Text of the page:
The Only Thing To Fear Is Mild Anxiety Itself

Wall Street is worried. But does it really have a reason to be?

The CBOE Volatility Index (VIX)—the so-called “fear gauge”—has had some rough sledding lately. After 15 months circling in a holding pattern in the 10-to-15 range, the line rocketed straight up to 37. Since then, it settled into another range between 15 and 25.

Some perspective.  The only time the VIX was uncomfortably stuck above 30 for more than three straight months was during the Great Recession. Even then, it wasn’t until Lehman Brothers’ September 2008 meltdown that the VIX reached that level—kind of a lagging indicator. The VIX would double, reaching the 60s a few weeks later, and on a few days it reached a stratospheric intraday high of almost 90.  And if you are curious, when the S&P 500 bottomed on March 9, 2009, the VIX closed at 49.

The VIX’s spike up to 37 last month was just that, a spike … a furious, although temporary event. It also occurred annually, like clockwork, in 2009, 2010 and 2011, then quickly became last week’s news as the slow, steady recovery progressed. Same thing happened in August 1998 in the middle of the dotcom boom. It actually dropped into the teens during the mini-recession that followed the tech bubble bursting.

Where is the VIX right now? It’s near the historical norm—so you see that we’re actually in pretty familiar territory.

Our agitation today is about one-third what it was when Hank Paulson and Ben Bernanke were trying to save the world. In other words, the VIX is right about where it was once we figured out they managed to do just that. It’s actually lower than it was most the time that any stock with “Web” or “e-“ in its name could expect a three-digit P/E ratio.

So why are so many people still so nervous?

The VIX tends to move in parallel with interest rates. As bond yields rise, there’s less of an incentive to take the risk of equity ownership when you can get solid returns with comparatively risk-free debt securities.

Bond yields rise in response to increases in the Fed Funds rate. The Federal Reserve resets this rate in anticipation of inflation. Raising the cost of borrowing reduces the money supply, so inflation can only erode the spending value of a dollar so far, or so the theory goes.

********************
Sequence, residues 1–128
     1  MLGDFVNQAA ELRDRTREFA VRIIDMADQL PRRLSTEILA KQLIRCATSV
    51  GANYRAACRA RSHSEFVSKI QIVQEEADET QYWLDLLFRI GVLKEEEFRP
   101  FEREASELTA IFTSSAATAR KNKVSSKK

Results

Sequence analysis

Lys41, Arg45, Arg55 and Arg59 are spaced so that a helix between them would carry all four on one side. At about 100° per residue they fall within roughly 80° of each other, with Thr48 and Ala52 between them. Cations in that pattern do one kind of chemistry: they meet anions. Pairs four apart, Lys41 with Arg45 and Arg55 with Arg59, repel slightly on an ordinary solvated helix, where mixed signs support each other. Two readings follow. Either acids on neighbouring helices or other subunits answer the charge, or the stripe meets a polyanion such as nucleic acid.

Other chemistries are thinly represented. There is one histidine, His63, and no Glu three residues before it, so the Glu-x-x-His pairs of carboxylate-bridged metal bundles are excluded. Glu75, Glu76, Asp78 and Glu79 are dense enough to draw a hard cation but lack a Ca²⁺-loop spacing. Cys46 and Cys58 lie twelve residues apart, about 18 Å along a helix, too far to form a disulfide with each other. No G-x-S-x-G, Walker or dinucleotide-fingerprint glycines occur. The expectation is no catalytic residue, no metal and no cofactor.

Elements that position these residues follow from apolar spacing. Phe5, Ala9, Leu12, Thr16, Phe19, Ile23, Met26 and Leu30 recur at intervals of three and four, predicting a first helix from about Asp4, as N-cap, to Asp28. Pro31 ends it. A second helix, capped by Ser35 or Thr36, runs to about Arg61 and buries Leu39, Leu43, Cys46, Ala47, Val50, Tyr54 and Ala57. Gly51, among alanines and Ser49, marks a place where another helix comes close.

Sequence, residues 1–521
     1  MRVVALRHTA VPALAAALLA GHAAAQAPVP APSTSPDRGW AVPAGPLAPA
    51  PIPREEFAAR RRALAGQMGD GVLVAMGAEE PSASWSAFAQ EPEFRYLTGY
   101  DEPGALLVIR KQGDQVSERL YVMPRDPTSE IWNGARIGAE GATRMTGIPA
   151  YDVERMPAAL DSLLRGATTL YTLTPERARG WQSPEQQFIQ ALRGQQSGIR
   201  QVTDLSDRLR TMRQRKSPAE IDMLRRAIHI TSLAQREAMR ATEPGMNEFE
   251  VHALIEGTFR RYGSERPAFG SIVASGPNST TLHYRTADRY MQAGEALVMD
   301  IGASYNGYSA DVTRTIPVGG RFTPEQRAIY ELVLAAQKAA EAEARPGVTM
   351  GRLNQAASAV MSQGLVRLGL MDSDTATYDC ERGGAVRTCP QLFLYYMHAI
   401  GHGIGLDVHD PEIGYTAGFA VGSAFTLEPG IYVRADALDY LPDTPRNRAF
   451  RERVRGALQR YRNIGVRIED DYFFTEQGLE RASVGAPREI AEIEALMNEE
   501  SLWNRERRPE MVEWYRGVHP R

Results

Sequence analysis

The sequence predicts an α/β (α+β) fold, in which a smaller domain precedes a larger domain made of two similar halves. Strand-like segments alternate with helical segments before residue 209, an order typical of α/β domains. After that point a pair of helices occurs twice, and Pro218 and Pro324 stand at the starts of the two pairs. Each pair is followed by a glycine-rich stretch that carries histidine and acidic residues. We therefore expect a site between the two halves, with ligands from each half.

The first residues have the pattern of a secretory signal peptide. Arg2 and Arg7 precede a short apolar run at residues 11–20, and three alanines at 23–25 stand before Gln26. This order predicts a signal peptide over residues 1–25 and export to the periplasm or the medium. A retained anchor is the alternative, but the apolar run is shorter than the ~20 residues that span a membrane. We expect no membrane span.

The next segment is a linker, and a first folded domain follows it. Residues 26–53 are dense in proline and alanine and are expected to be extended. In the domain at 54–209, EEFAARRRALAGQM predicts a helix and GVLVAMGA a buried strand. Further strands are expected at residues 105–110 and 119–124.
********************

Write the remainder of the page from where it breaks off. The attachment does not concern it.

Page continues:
The Fed retains its 2% target rate for annual inflation over 2018. That’s low. To give an idea of just how low that is consider that inflation peaked in 1980 at 13.5%. Lesson #1 in getting a second term – don’t let inflation get to the double-digits your re-election year. That was all that was needed to end Jimmy Carter’s presidency. Candidate Ronald Reagan went on the air and asked America, “Are you better off than you were four years ago?” And that changed the whole political dialogue in this country ever since.

The worst inflation in U.S. history—Confederacy aside—occurred before we even had a Treasury. In November 1779, at the height of the Revolutionary War, the continental dollar reached peak inflation of 47% in a month. The definition of hyperinflation is price increases exceeding 50% per month.

So the United States avoided hyperinflation, but just barely.  Countries that lived through hyperinflation in recent memory wouldn’t recommend it. For example, Poland decided on “shock therapy” rather than a soft landing when that country traded in communism for a market economy in 1989. It was worth it in the long run, but one cannot simply dismiss the pain of 600% inflation. It would’ve surely been worse if the International Monetary Fund wasn’t there to provide some cushion. And of course there’s Zimbabwe, the poster child for bad monetary policy. From 2006 through 2009, the Mugabe regime continually failed to learn any lessons, and the inflation rate during that period can only be rendered in scientific notation.

So when you take a long, historic view of U.S. consumer prices, you’re left with the inescapable conclusion that we’ve basically been  spoiled rotten.